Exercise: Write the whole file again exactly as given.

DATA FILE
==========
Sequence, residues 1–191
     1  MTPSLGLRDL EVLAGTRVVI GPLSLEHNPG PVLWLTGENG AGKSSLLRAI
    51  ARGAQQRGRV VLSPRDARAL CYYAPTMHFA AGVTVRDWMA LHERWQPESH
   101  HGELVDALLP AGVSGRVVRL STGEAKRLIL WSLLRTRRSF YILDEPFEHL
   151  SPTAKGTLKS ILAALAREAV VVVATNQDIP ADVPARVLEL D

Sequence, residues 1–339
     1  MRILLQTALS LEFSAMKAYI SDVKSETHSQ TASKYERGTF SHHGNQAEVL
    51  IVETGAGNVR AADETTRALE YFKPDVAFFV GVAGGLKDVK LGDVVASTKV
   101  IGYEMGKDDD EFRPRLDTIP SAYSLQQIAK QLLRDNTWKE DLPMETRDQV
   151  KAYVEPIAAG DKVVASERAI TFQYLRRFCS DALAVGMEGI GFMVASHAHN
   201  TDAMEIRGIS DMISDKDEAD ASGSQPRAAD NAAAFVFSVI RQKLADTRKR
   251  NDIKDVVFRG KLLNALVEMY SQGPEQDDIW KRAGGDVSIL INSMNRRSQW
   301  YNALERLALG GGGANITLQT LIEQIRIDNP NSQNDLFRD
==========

Sequence, residues 1–191
     1  MTPSLGLRDL EVLAGTRVVI GPLSLEHNPG PVLWLTGENG AGKSSLLRAI
    51  ARGAQQRGRV VLSPRDARAL CYYAPTMHFA AGVTVRDWMA LHERWQPESH
   101  HGELVDALLP AGVSGRVVRL STGEAKRLIL WSLLRTRRSF YILDEPFEHL
   151  SPTAKGTLKS ILAALAREAV VVVATNQDIP ADVPARVLEL D

Sequence, residues 1–339
     1  MRILLQTALS LEFSAMKAYI SDVKSETHSQ TASKYERGTF SHHGNQAEVL
    51  IVETGAGNVR AADETTRALE YFKPDVAFFV GVAGGLKDVK LGDVVASTKV
   101  IGYEMGKDDD EFRPRLDTIP SAYSLQQIAK QLLRDNTWKE DLPMETRDQV
   151  KAYVEPIAAG DKVVASERAI TFQYLRRFCS DALAVGMEGI GFMVASHAHN
   201  TDAMEIRGIS DMISDKDEAD ASGSQPRAAD NAAAFVFSVI RQKLADTRKR
   251  NDIKDVVFRG KLLNALVEMY SQGPEQDDIW KRAGGDVSIL INSMNRRSQW
   301  YNALERLALG GGGANITLQT LIEQIRIDNP NSQNDLFRD